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Interesting case where growth-attenuation therapy is used to permanently halt a 6-year old's growth so parents can continue to care for her at home:

"Achieving permanent growth attenuation while the child is still young and of manageable size would remove one of the major obstacles to family care and might extend the time that parents with the ability, resources, and inclination to care for their child at home might be ...

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Not surprisingly, he lapses into a coma mid-flight.

Why one should never give medical advice outside of the doctor's office:

One medical liability lawyer stated that his company defends many doctors who were consulted in an informal manner, such as, at their child's Little League baseball game.

Many times in these situations, vital information is lacking, therefore, limiting the doctor's ability to give a reasoned answer. Usually, the doctor is unaware of the questioner's medical history. This ...

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Should've done the C-section earlier. Poor outcomes like these are scaring OBs into an all-time high in C-sections.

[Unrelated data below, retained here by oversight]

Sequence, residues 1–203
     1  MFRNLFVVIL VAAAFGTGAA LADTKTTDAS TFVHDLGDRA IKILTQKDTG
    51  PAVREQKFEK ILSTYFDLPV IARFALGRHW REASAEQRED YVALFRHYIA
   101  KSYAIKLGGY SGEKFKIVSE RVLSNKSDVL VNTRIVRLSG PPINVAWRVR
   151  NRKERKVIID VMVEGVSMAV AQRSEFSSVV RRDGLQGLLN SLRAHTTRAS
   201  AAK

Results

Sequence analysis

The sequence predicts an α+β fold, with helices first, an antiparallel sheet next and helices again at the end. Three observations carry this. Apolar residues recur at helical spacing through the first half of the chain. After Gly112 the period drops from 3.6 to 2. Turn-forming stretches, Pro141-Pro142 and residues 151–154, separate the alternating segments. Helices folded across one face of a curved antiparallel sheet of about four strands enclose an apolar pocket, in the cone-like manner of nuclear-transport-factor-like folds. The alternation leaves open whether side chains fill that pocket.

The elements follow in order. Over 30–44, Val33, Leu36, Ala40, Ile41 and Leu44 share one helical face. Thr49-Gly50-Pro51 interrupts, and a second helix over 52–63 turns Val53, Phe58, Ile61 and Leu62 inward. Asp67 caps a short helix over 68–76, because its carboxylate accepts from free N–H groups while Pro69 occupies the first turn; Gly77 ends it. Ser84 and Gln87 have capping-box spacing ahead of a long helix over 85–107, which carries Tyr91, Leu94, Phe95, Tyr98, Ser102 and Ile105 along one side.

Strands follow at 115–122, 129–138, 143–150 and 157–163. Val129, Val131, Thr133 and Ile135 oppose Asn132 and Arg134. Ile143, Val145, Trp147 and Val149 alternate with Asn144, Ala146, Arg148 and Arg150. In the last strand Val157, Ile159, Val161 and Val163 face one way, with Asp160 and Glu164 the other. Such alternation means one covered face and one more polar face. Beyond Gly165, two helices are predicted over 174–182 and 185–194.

The baby appears healthy despite receiving no prenatal care and a mother who smoked.

The founders were sent intimidating letters, but aren't backing down:

The Silicon Valley, Calif., operators of RateMDs.com have removed two out of the seven most scathing comments about unnamed doctors cited by the Canadian Medical Protective Association (CMPA). But they ignored all other requests made of them by that organization and the Canadian Medical Association, the latter whose chief executive officer, William Tholl, also sent a recent letter saying ...

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The cause of SIDS?

Possibly because of varying sensitivities of the brainstem to serotonin:

The research team, led by doctors at Children's Hospital Boston, compared brain tissue from 31 infants who died of SIDS from 1997 to 2005 with samples from 10 babies who had died of other causes. They focused on an area of the brainstem called the medulla, which regulates breathing, sleep-and-wake cycles and other vital functions.

They found, among ...

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Dr. Genes:

The way doctors and patients size each other up, try to read each others' hands. Even so, most hands are straightforward -- you know how it'll unfold from the flop. Other times, you have to wait for labs to come back, there are raises and calls. But no matter how benign the situation might start out, you never really know which patient is going to take ...

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Some local pharmacies are giving antibiotics away for free to compete with Wal-Mart's $4 generics. Will this lead to continuing overuse? Very likely:

From a patient care standpoint, I see this as a real problem. Wal-mart had the right idea, kind of, with offering some discounted chronic medicines - like blood pressure medicines and antidepressants. But, offering antibiotics?

Many studies have shown that you don't need ...